Todd VogtNewsPara-Rowing

Parkinson’s Changed Todd Vogt’s Course Into Para-Rowing, And Now He’s Going To Paris

by Stuart Lieberman

(L-R) Todd Vogt and Gemma Wollenschlaeger compete during the PR3 mixed double sculls finals at the 2023 World Rowing Championships in Belgrade, Serbia. (Photo by row2k)

At this point during the last Paralympic Games cycle, para-rower Todd Vogt was in arguably the least coveted spot on Team USA — the role of the alternate.


“My joke about that was I was the alternate, and all I got was a T-shirt,” he still says to this day, laughing.


But last month, the tide shifted, as Vogt, along with Saige Harper, was named to the PR3 mixed double sculls crew that will represent the U.S. at the Paralympic Games Paris 2024. The four-time national team member was part of the crew that won silver in the event at the 2023 world championships in Belgrade, Serbia, earning an automatic qualification spot for Paris. Vogt’s participation in Paris was then confirmed coming out of a U.S. selection camp in January.


“The whole thing is a little surreal,” Vogt said, reflecting back on his journey from being diagnosed with Parkinson’s disease in 2018 to today. “I was lucky enough to have the support system of my wife and have been immersed in the sport of rowing at that time. I was lucky enough that I was still fit and rowing enough where I could make the transition back to being competitive.”


A native of Rochester, New York, Vogt first took up rowing in 1992 when he saw a poster outside his freshman dorm room at the University of Buffalo that read: “Meet friends and get fit.” He didn’t know anything about rowing but was persuaded enough by the sign to attend the first meeting, where he was shown an inspiring video of a collegiate race.


“I remember watching the rowers crossing the finish line and they were all slumped over their oars,” he said. “I remember thinking to myself that I can do that. I can exert myself. And as soon as I got on the water I was hooked immediately.”


Vogt went on to row competitively throughout college and for the next 20 years, including in senior masters competitions, while also coaching rowers of all ages for the last 15 years. He said he “never lost the bug,” but while training for the 2017 Head of the Charles race, his rowing technique that he had spent years perfecting, felt off. He was unusually tired and weak. At first, he shrugged it off. But ultimately that fatigue turned into a tremor in his left hand, and his left arm no longer swung while he walked.


Vogt was diagnosed with Early-Onset Parkinson’s Disease the following year, just prior to his 44th birthday.

(L-R) Gemma Wollenschlaeger and Todd Vogt celebrate with their silver medals after the PR3 mixed double sculls finals at the 2023 World Rowing Championships in Belgrade, Serbia. (Photo by row2k)

“It’s kind of frustrating and demotivating at times,” Vogt said. “It almost feels like my left side is encased in lead. It’s slow and uncoordinated compared to my right side.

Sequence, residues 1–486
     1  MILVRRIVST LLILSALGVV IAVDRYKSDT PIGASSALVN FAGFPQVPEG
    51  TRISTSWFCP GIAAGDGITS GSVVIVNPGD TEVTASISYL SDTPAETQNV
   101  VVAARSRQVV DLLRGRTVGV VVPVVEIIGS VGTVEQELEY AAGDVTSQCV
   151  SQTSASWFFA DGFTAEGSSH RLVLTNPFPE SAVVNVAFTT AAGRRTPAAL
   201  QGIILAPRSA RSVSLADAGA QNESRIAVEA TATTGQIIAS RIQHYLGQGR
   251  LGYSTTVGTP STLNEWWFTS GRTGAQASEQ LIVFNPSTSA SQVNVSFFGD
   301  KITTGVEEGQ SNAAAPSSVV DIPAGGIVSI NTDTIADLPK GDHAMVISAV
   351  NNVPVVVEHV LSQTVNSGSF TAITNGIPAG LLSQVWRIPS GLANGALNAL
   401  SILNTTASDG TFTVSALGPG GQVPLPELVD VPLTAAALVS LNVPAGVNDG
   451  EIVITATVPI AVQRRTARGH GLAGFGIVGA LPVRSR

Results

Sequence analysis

“When I first got diagnosed, I thought I was going to be done being a competitive rower. But I had another thing working for me and a confluence of factors fell into place. I got diagnosed with Parkinson’s, which wasn’t great obviously, but it opened an opportunity for me with para-rowing.”


Luckily Vogt, who now lives in Portland, Oregon, was already informed about para-rowing, having been around the sport for so long as an athlete and a coach, and a couple of months after his diagnoses started researching erg scores and speeds of top U.S. and international para-rowers. His fitness was not far off from their marks, so he contacted Ellen Minzner, U.S. Rowing Director of Para High Performance, to get classified and invited to a selection camp in early 2019.


He worked creatively to mitigate how his Parkinson’s would impact his rowing technique as best he could, and months later, he ended up in a two-person boat racing at the 2019 world championships in Austria, finishing in sixth place. He’d go on to finish fifth at the 2022 world championships before earning a silver medal at the event last year. He also won gold at both the 2021 and 2022 U.S. championships.


Vogt is a self-proclaimed coffee snob — he owns several accoutrements from a French press and a grinder to a siphon and a scale — now looking to buzz his way to Paris, downing caffeine before every training session and race. Six days a week, he’s on the water for approximately 90 minutes each morning, followed by a weight session and cardio training as he prepares for the Paris 2024 Games.


In addition to the PR3 mixed double sculls, Team USA has also qualified the PR3 mixed four with coxswain for Paris. The three remaining U.S. boats will compete at the 2024 U.S. Olympic & Paralympic Team Trials — Rowing scheduled for April 2-7 in Sarasota, Florida. The winners in Sarasota will then race at the 2024 World Rowing Final Olympic & Paralympic Regatta in May in Lucerne, Switzerland, to try to earn their spots.

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